Then in July, he received an attractive job offer from Xerox. The offer appealed to him, for his government salary was $42,500 per year. As he put it, "with four children in school, I can certainly use a little more money to help support this family and give them a good start in life." He called Jack Parker at General Electric, an old friend and a member of the board of directors, and asked for advice. Parker replied, in Paine's words, "that they would be very anxious to have me come back," and that GE might be able to offer him a very promising position. Paine then talked to the chairman of the board and learned that the position would call for him "to head up all of General Electric's power generation activities including both the conventional steam turbine business and also the nuclear power plants." Paine expressed interest and suggested that he could take the post early in 1971; the chairman replied that GE would need him that summer. There was nothing pressing to keep him at NASA, and on July 28 he sent Nixon his letter of resignation, to become effective on September 15. Having left GE only two and a half years earlier, he now returned, with his tenure at NASA representing merely a brief interlude within a career at GE that spanned nearly three decades. [Biographical data, Thomas O. Paine papers, Library of Congress; Logsdon, Apollo, p. V-53; E. M. Emme interview, Thomas Paine, August 3, 1970, pp. 10-14.]
He had been a liberal Democrat in an administration of Republicans, a Lyndon Johnson appointee held over to serve Nixon's loyalists. In addition to this, he had spent much effort fighting for his own agenda, rather than promoting that of the President. Yet he did not leave Washington under a cloud. Peter Flanigan described him as a "good soldier" who "accepted decisions after getting a full hearing." Ehrlichman compared NASA's bold proposals to a spring that "had to be stretched in order for it to come back to where it belonged." Nixon, on receiving Paine's letter of resignation, wrote that "the course you have done so much to set will help guide our efforts for years to come." [Logsdon, Apollo, p. V-55; John Logsdon interview, John Ehrlichman, Santa Fe, New Mexico, May 6, 1983, p. 15; letter, Nixon to Paine, July 28, 1970.]
His push for Mars fell short, but even within the STG report, he expected to defer the serious pursuit of this goal until 1976. Although Congress and the BoB cut his budget, this schedule left time for them to experience a change of heart. In the words of Dale Myers, "Hope springs eternal. After we came off the Apollo peak, it was very difficult to accept that we'd be at a level half or a third of that. We always wanted to think that next year would be better." [Author interview, Dale Myers, Leucadia, California, December 6, 1996.]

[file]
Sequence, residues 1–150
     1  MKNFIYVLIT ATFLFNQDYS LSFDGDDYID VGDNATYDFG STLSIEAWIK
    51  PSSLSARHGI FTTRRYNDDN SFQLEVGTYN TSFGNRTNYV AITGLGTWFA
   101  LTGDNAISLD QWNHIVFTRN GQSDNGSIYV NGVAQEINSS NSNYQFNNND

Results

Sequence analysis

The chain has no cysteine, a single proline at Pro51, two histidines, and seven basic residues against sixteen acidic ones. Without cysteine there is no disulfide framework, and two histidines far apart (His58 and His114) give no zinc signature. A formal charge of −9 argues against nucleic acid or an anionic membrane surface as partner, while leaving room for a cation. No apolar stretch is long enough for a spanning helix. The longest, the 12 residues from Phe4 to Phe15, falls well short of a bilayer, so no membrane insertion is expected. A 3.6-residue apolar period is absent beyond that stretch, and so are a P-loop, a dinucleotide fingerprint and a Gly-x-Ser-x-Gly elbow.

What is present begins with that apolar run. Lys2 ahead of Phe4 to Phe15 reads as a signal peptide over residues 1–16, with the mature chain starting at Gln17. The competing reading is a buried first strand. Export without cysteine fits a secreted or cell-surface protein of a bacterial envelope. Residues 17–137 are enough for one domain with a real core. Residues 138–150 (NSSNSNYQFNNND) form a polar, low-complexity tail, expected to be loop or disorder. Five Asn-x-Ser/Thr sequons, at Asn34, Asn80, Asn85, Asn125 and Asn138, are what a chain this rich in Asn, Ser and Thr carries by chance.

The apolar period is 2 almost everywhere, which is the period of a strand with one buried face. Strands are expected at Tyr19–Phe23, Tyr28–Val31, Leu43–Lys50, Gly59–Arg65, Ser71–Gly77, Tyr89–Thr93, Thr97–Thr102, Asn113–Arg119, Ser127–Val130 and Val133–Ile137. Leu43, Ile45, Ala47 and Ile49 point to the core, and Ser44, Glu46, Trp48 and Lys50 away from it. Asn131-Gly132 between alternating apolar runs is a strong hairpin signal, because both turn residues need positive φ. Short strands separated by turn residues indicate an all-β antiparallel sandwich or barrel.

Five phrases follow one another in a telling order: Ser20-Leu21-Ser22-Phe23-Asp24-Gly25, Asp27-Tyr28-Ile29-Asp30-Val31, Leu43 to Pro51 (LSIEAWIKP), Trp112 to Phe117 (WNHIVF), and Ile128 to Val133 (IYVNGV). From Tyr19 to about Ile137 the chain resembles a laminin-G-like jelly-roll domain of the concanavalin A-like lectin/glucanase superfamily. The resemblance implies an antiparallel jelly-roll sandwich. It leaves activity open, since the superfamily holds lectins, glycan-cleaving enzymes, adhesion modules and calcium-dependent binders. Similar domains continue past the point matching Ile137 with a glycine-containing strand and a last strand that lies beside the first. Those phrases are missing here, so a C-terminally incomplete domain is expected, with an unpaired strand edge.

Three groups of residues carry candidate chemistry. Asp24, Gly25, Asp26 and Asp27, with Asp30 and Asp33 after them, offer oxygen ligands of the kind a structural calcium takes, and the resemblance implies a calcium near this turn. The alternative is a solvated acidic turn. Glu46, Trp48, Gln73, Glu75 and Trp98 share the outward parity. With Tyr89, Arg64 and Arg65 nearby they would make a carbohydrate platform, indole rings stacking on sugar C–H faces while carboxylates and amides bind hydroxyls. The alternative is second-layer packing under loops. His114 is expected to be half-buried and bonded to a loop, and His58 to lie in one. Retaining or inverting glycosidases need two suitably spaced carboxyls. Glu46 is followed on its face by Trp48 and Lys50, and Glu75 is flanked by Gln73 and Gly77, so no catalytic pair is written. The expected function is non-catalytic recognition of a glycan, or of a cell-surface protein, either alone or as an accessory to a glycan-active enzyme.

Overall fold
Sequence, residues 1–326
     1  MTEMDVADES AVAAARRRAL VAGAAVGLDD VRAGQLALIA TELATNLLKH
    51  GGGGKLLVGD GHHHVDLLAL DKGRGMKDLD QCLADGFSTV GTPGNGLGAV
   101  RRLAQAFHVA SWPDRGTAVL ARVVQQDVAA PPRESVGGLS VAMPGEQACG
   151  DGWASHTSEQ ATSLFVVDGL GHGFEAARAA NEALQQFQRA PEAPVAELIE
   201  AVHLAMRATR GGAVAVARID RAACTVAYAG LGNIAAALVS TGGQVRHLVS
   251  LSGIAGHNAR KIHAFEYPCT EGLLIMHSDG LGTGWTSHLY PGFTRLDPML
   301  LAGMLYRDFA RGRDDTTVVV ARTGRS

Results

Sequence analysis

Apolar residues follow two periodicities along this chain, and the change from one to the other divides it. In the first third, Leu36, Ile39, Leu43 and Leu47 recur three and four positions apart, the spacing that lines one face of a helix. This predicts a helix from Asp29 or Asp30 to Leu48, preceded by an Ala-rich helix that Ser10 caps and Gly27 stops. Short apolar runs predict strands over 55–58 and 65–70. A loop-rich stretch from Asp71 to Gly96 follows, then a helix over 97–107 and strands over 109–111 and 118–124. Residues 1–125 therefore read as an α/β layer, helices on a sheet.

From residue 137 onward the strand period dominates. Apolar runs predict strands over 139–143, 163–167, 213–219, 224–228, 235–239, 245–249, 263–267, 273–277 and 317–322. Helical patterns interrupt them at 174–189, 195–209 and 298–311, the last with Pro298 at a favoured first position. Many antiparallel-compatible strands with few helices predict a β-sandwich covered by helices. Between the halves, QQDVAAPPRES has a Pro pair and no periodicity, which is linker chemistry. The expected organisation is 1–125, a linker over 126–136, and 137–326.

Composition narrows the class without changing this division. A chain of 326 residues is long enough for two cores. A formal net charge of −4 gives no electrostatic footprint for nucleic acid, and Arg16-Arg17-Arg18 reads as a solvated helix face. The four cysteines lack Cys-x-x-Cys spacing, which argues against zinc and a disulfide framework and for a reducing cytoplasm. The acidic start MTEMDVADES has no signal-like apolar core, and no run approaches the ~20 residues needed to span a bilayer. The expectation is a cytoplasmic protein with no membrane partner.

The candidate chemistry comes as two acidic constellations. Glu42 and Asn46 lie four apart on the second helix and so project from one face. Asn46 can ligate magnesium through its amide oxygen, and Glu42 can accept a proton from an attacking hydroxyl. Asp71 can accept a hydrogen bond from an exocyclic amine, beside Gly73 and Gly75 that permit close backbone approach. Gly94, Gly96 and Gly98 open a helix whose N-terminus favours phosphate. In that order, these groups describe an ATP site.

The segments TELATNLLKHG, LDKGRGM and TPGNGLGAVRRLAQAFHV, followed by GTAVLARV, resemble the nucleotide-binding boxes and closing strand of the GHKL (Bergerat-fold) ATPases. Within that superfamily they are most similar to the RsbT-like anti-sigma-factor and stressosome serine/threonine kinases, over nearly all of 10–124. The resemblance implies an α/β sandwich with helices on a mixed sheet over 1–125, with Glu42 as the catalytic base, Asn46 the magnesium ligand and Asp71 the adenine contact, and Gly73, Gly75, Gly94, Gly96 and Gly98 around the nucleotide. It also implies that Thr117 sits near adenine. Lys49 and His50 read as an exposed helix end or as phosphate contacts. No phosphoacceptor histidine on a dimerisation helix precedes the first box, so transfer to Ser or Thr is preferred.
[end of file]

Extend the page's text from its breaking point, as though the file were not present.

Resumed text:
With all his swashbuckling, what did Paine accomplish at NASA? Though he did not build this agency in the manner of his predecessor, James Webb, he was the captain on its bridge during the run-up to the moon landings. He pushed successfully for the dramatic Apollo 8 mission that orbited the moon at Christmas in 1968; he approved the dry workshop for Skylab. He was at the helm when the landings took place.
Amid his setbacks, Paine followed the lead of George Mueller and steered NASA onto the new course that Nixon noted. Mueller had tried and failed to build a major post-Apollo effort, Apollo Applications, based on use of Saturn-class launchers and Apollo spacecraft. This effort was in tatters by mid-1968. Mueller responded by envisioning a space shuttle as a focus for the future. Paine took this vision, made it his own, encouraged Mueller to strengthen it with bolder thinking, and sold it to the STG.
Though Mars provided a long-term goal, the Shuttle/station was to represent the main work of the 1970s. When budget cuts hit home, Paine held to this plan, preserving options for the future by sacrificing those of the past as he shut down Saturn production and canceled Apollo moon landings. Congress also signed on for the Shuttle/station, appropriating $110 million to start the work during FY 1971.
As that fiscal year began, however, in mid-1970, NASA's situation was tenuous in the extreme. Funding for the Shuttle/station had survived by votes of 53-53 in the House and 32-28 in the Senate, which left the program vulnerable to even a slight increase in anti-space sentiment. Similarly, Paine had not won the endorsement of Nixon for this program. Lacking such endorsement, NASA could proceed with detailed studies of the Shuttle/station, but could not award the contracts that would build it.
Arthur Cleaver, a leader in British rocket development, quoted the Duke of Wellington in describing the votes in Congress as "a damn close-run thing—the nearest run thing you ever saw in your life" [Astronautics & Aeronautics, October 1970, pp. 70-72]. If NASA was to avoid meeting its own Waterloo, it would need new sources of strength. It would find them by abandoning the plans of the STG, dropping the space station, placing all hope in the Space Shuttle as a separate project, and making common cause with the Air Force.